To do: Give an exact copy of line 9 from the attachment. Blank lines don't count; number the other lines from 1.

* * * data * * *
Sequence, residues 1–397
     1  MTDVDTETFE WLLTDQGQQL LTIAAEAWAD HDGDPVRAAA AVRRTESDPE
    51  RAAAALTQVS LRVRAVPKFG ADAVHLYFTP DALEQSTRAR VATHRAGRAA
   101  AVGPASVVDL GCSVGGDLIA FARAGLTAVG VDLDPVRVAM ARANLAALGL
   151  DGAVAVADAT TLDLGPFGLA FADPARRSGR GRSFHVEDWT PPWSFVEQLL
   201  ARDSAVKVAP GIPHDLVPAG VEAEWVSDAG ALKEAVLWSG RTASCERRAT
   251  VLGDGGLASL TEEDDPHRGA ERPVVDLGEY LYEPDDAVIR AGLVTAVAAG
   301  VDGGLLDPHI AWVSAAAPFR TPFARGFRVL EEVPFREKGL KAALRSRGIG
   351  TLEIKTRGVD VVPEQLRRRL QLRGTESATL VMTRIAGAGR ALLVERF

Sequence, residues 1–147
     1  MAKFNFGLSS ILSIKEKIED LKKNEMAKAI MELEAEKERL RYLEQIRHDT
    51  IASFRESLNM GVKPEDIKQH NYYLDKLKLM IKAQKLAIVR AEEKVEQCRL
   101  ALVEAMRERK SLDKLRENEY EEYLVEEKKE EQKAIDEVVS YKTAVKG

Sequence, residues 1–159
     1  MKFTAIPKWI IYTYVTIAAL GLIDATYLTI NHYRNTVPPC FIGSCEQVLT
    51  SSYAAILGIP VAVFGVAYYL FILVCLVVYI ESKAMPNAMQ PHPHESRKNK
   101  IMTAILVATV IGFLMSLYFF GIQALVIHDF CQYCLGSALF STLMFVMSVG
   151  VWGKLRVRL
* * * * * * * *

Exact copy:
   351  TLEIKTRGVD VVPEQLRRRL QLRGTESATL VMTRIAGAGR ALLVERF